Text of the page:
Home | Texts by category | | Quick Search:   
Works by Plato
Pages of phaedrus

Previous | Next


who are in need; and he who has part in this gift, and is truly

possessed and duly out of his mind, is by the use of purifications and

mysteries made whole and except from evil, future as well as

present, and has a release from the calamity which was afflicting him.

The third kind is the madness of those who are possessed by the Muses;

which taking hold of a delicate and virgin soul, and there inspiring

frenzy, awakens lyrical and all other numbers; with these adorning the

myriad actions of ancient heroes for the instruction of posterity. But

he who, having no touch of the Muses' madness in his soul, comes to

the door and thinks that he will get into the temple by the help of

art-he, I say, and his poetry are not admitted; the sane man

disappears and is nowhere when he enters into rivalry with the madman.

I might tell of many other noble deeds which have sprung from

inspired madness. And therefore, let no one frighten or flutter us

by saying that the temperate friend is to be chosen rather than the

inspired, but let him further show that love is not sent by the gods

for any good to lover or beloved; if he can do so we will allow him to

carry off the palm. And we, on our part, will prove in answer to him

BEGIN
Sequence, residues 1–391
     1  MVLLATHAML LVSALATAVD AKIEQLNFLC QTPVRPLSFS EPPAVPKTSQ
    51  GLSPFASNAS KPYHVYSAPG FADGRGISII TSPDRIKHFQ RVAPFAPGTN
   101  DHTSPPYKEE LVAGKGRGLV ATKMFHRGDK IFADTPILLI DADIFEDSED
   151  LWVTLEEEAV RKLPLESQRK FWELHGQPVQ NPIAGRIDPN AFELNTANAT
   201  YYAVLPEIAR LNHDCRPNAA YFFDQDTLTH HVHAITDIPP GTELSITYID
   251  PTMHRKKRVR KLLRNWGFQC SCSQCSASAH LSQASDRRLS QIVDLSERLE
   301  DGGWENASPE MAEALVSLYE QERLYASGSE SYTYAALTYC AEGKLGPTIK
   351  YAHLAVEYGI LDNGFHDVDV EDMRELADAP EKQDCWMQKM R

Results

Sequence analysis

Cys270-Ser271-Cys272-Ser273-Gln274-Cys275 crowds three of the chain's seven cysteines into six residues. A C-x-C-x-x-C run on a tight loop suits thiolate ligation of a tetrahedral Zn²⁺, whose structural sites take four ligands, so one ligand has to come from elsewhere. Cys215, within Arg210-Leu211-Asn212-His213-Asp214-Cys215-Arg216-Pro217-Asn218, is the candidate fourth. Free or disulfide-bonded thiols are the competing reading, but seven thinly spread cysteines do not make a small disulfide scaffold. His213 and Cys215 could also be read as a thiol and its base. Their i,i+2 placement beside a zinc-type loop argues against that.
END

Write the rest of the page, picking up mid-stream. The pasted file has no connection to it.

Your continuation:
that the madness of love is the greatest of heaven's blessings, and

the proof shall be one which the wise will receive, and the witling

disbelieve. But first of all, let us view the affections and actions

of the soul divine and human, and try to ascertain the truth about

them. The beginning of our proof is as follows:-

The soul through all her being is immortal, for that which is ever

in motion is immortal; but that which moves another and is moved by

another, in ceasing to move ceases also to live. Only the self-moving,

never leaving self, never ceases to move, and is the fountain and

beginning of motion to all that moves besides. Now, the beginning is

unbegotten, for that which is begotten has a beginning; but the

beginning is begotten of nothing, for if it were begotten of

something, then the begotten would not come from a beginning. But if

unbegotten, it must also be indestructible; for if beginning were

Previous | Next
Site Search